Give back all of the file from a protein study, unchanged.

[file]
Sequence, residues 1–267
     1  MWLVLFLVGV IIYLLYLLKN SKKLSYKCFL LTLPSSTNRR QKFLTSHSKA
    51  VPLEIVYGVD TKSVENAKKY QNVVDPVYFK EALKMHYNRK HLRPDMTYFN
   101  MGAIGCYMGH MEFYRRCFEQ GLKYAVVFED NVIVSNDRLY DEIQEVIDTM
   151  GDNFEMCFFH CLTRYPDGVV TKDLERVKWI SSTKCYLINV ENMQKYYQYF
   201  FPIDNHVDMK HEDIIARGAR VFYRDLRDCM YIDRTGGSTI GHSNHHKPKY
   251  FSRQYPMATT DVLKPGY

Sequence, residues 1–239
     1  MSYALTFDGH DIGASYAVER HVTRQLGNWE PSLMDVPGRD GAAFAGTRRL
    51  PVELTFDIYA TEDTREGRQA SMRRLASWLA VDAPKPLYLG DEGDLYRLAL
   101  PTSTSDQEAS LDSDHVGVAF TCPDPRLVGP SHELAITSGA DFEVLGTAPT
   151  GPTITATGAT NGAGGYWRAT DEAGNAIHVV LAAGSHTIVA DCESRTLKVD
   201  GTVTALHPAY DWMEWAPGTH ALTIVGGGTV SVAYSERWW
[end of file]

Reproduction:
Sequence, residues 1–267
     1  MWLVLFLVGV IIYLLYLLKN SKKLSYKCFL LTLPSSTNRR QKFLTSHSKA
    51  VPLEIVYGVD TKSVENAKKY QNVVDPVYFK EALKMHYNRK HLRPDMTYFN
   101  MGAIGCYMGH MEFYRRCFEQ GLKYAVVFED NVIVSNDRLY DEIQEVIDTM
   151  GDNFEMCFFH CLTRYPDGVV TKDLERVKWI SSTKCYLINV ENMQKYYQYF
   201  FPIDNHVDMK HEDIIARGAR VFYRDLRDCM YIDRTGGSTI GHSNHHKPKY
   251  FSRQYPMATT DVLKPGY

Sequence, residues 1–239
     1  MSYALTFDGH DIGASYAVER HVTRQLGNWE PSLMDVPGRD GAAFAGTRRL
    51  PVELTFDIYA TEDTREGRQA SMRRLASWLA VDAPKPLYLG DEGDLYRLAL
   101  PTSTSDQEAS LDSDHVGVAF TCPDPRLVGP SHELAITSGA DFEVLGTAPT
   151  GPTITATGAT NGAGGYWRAT DEAGNAIHVV LAAGSHTIVA DCESRTLKVD
   201  GTVTALHPAY DWMEWAPGTH ALTIVGGGTV SVAYSERWW